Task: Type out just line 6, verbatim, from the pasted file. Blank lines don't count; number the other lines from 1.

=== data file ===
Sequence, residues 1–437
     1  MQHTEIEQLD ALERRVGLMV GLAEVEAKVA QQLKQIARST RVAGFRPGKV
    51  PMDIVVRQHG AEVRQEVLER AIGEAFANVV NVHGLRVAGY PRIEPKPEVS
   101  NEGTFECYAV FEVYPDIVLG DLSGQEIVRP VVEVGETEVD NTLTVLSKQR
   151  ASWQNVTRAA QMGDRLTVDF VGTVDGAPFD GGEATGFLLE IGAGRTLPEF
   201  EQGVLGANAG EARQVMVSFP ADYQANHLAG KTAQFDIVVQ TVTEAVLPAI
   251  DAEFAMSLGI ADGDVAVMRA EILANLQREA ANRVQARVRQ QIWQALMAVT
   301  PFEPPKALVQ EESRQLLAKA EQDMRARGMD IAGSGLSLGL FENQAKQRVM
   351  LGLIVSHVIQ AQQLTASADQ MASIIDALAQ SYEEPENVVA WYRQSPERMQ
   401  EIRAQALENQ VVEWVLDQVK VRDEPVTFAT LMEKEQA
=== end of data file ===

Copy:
   201  EQGVLGANAG EARQVMVSFP ADYQANHLAG KTAQFDIVVQ TVTEAVLPAI